Nothing much more to add about this important historic musical document from one of the world's greatest jazz fusion bands. The album is VHR by A.O.O.F.C. Search this blog for other Ian Carr/Nucleus releases


1 Song for the Bearded Lady - Karl Jenkins 10:30
2 Elastic Rock - Karl Jenkins 6:03
3 Snakehips Dream - Ian Carr 8:13
4 Easy Does It Now - Ian Carr 9:33
5 The Pretty Redhead - Ian Carr 9:06
6 For Miles and Miles - Ian Carr 6:37

Tracks 1-3 Recorded: March 9, 1971. Studio 1, Kensington House, London, for broadcast overseas on 'Jazz London' for the BBC Transcription Service. Ian Carr (t, fl); Brian Smith (ss, ts, fl); Karl Jenkins (bar, ob, p, elp); Chris Spedding (g); Jeff Clyne (b, eb); John Marshall (d). Tracks 4-6 Recorded: October 6, 1982. Maida Vale Studios, London, for 'Jazz In Britain' on BBC Radio 3. The original broadcast was introduced by Charles Fox.Ian Carr (t, fh); Tim Whitehead (ss, ts); Mark Wood (g); Joe Hubbard (elb); John Marshall (d).


Ian Carr (flute, trumpet, flugelhorn)
Chris Spedding, Mark Wood (guitar)
Jeff Clyne, Joe Hubbard (electric bass)
Karl Jenkins (oboe, piano, electric piano)
John Marshall (drums)
Brian Smith (flute, soprano saxophone, tenor saxophone)
Tim Whitehead (soprano saxophone, tenor saxophone)


Nucleus began its long jazz-rock journey in 1969, when it was originally formed by trumpeter Ian Carr. They attracted a following after a successful performance at the Montreux International Festival in 1970, which led to the critical success of albums Elastic Rock and We'll Talk About It Later. The other members consisted of saxophonist Karl Jenkins, drummer John Marshall, and guitarist Chris Spedding. Spedding split after the first two albums, but the rest of the lineup lasted until 1972, when Jenkins and Marshall both left to join Soft Machine. Belladonna was the first album with only Carr, and although he enlisted the help of guitarist Allan Holdsworth, the band eventually became a solo venture for his music. They finally broke up in the mid-'80s after several Carr-only albums. © Bradley Torreano © 2010 Rovi Corporation. All Rights Reserved. http://www.allmusic.com/cg/amg.dll?p=amg&sql=11:39fexq85ldse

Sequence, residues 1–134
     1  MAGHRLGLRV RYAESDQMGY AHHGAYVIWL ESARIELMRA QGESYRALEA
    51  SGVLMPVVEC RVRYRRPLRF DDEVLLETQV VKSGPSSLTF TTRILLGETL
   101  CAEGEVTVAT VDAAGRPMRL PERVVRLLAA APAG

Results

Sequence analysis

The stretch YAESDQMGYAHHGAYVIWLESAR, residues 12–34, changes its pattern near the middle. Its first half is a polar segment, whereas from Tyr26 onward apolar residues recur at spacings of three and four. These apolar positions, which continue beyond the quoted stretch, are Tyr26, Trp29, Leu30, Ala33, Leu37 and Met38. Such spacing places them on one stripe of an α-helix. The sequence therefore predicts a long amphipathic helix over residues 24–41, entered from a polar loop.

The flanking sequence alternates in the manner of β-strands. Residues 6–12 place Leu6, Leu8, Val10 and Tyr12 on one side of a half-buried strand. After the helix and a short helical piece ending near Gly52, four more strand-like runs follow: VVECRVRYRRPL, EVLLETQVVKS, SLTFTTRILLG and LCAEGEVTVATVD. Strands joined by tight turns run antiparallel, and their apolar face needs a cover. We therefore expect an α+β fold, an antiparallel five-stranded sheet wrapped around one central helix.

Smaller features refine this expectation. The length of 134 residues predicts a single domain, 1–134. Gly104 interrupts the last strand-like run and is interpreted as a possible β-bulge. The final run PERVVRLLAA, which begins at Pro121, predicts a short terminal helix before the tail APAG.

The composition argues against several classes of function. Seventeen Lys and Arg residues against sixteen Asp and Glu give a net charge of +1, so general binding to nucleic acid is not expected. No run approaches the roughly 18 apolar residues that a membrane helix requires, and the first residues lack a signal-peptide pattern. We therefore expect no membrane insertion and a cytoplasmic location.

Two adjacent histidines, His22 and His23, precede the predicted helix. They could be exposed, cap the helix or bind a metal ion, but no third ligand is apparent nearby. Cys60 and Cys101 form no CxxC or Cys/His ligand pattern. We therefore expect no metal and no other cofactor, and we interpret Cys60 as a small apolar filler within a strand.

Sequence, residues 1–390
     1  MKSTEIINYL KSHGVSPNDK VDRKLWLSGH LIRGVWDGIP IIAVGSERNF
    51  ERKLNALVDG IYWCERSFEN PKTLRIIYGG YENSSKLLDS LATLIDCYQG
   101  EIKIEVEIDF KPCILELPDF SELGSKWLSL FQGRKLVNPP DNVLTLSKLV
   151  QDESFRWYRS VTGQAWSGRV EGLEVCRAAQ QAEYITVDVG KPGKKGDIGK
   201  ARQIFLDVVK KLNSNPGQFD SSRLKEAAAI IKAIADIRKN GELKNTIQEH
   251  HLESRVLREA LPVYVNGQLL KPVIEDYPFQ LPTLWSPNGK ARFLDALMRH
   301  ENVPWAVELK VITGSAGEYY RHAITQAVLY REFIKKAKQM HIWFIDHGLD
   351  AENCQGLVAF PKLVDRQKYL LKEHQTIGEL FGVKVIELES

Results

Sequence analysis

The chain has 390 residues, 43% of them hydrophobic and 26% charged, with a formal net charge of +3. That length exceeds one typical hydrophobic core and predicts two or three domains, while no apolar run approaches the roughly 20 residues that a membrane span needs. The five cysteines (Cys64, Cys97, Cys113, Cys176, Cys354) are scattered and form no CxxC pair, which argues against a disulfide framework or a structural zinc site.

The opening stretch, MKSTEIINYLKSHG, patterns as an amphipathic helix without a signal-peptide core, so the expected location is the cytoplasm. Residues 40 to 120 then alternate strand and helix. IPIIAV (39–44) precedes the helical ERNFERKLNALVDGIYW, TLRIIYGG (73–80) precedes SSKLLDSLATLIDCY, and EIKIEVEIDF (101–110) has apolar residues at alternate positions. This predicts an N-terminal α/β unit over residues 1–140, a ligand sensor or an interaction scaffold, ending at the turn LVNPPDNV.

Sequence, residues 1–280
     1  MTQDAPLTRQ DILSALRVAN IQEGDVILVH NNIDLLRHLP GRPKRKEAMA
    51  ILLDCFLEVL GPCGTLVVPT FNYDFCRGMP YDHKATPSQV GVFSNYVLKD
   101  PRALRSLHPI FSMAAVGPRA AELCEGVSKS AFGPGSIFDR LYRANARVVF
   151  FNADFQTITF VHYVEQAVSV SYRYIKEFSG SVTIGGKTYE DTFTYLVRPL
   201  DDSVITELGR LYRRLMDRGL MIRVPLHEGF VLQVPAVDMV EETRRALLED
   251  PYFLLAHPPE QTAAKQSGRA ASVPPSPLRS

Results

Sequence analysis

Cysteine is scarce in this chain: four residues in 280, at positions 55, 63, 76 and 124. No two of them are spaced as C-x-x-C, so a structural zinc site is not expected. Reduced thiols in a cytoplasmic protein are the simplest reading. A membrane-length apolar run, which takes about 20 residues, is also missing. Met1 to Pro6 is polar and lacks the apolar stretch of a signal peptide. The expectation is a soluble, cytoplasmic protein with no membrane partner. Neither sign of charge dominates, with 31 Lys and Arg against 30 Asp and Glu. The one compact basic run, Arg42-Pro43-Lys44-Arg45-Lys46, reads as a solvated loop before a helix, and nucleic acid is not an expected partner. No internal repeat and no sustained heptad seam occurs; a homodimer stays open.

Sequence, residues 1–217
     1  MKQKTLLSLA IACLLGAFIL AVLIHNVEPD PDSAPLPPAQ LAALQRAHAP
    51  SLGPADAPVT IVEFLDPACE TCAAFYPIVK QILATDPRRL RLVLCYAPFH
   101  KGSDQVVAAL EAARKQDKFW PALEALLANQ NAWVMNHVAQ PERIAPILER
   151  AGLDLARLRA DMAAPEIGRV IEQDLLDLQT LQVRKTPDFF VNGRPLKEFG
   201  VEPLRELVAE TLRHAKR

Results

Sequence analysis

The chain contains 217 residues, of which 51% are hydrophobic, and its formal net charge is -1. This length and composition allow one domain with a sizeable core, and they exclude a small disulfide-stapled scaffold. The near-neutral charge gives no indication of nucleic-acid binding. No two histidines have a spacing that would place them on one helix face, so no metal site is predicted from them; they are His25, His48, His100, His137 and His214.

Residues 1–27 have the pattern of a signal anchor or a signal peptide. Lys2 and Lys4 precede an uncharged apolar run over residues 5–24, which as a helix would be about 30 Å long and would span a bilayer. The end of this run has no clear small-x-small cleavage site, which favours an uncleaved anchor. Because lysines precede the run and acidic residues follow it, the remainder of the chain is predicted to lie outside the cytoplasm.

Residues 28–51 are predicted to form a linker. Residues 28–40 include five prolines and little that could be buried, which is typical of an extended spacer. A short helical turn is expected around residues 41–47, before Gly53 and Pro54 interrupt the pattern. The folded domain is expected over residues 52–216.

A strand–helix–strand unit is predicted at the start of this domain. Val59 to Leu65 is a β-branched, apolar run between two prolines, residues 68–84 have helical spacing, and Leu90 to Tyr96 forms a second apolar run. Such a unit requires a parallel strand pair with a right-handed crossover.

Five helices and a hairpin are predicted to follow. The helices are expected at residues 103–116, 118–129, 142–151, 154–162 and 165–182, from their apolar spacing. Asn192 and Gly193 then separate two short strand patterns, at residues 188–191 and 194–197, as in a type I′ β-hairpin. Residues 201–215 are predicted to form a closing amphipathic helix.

IAN CARR BIO [Born: April 21, 1933, Dumfries, Scotland: Died: February 25, 2009, London, England. RIP]

Ian Carr has been on the cutting edge of the British jazz scene for nearly four decades. Self-trained as a musician, Carr played an important role in the development of jazz-rock fusion, playing with John McLaughlin in the early '60s, forming one of England's first electronic jazz-rock fusion groups, Nucleus, in 1969 and playing with the international band the United Jazz Rock Ensemble, since 1975. In 1982, Carr received a Calabria award in southern Italy for Outstanding Contribution in the Field of Jazz. Wire Magazine presented him a special award for services to British jazz in 1987. Carr has been equally influential as a music journalist and educator. The co-author of a jazz encyclopedia, The Essential Companion, Carr was also the author of Music Outside, an examination of contemporary British jazz published in 1973; Miles Davis: The Definitive Biography, published in 1982; and Keith Jarrett: The Man and His Music, published in 1991. Since 1992, Carr has written a monthly column for BBC Music Magazine. Carr is an associate professor at the Guildhall School of Music and Dance and lectures weekly on jazz history. Born in Scotland and raised in England, Carr thought little of a career in music until he was nearly 30 years old. Educated at King's College in Newcastle-Upon-Tyne, where he studied English literature, Carr served in the Army in the late '50s. Shortly after his discharge, he formed a band, the EmCee Five, with his brother Mike and John McLaughlin. Carr remained with the band for two years, leaving to form the Rendell-Carr Group with saxophonist Don Rendell in 1962. During the seven years he worked with Rendell, Carr helped the band record five albums. In September 1969, Carr helped form the groundbreaking fusion band Nucleus. The group attracted international acclaim when it took the top prize in a competition at the Montreaux International Festival in 1970. Carr continued to play with Nucleus until 1989 when he left to tour the United Kingdom and Europe as a soloist on electric trumpet with an Anglo-American orchestra led by American composer George Russell. Old Heartland was recorded with the Kreisler String Orchestra in 1988 while Sounds and Sweet Airs was recorded with organist John Taylor in 1992. © Craig Harris, All Music Guide © 2010 Answers Corporation http://www.answers.com/topic/ian-carr


A.O.O.F.C said...


p/w aoofc

Eric said...

I have a few of the other live ones that have been surfacing in recent yrs.
But I needed this one :D

Like we agree, I don't think there is a bad Nucleus album.


A.O.O.F.C said...

Not that I know of Eric. I have one more Nucleus recording. It's an "unoff" BBC 72-80 radio broadcast. Sound is not bad. There's some terrific long jams on it. Have you heard it?

Eric said...

Hmm, not sure if I have that one.
1980? I'm gonna say I don't have it.
Thanks P :D

A.O.O.F.C said...

Howzitgoin' Eric? I'll post it anyway. Have you heard all Ian Carr's other works, collaborations? He is mostly associated with fusion, but has probably covered every genre. I'll have a look in the vaults for something good....They're all good!! TTU soon...P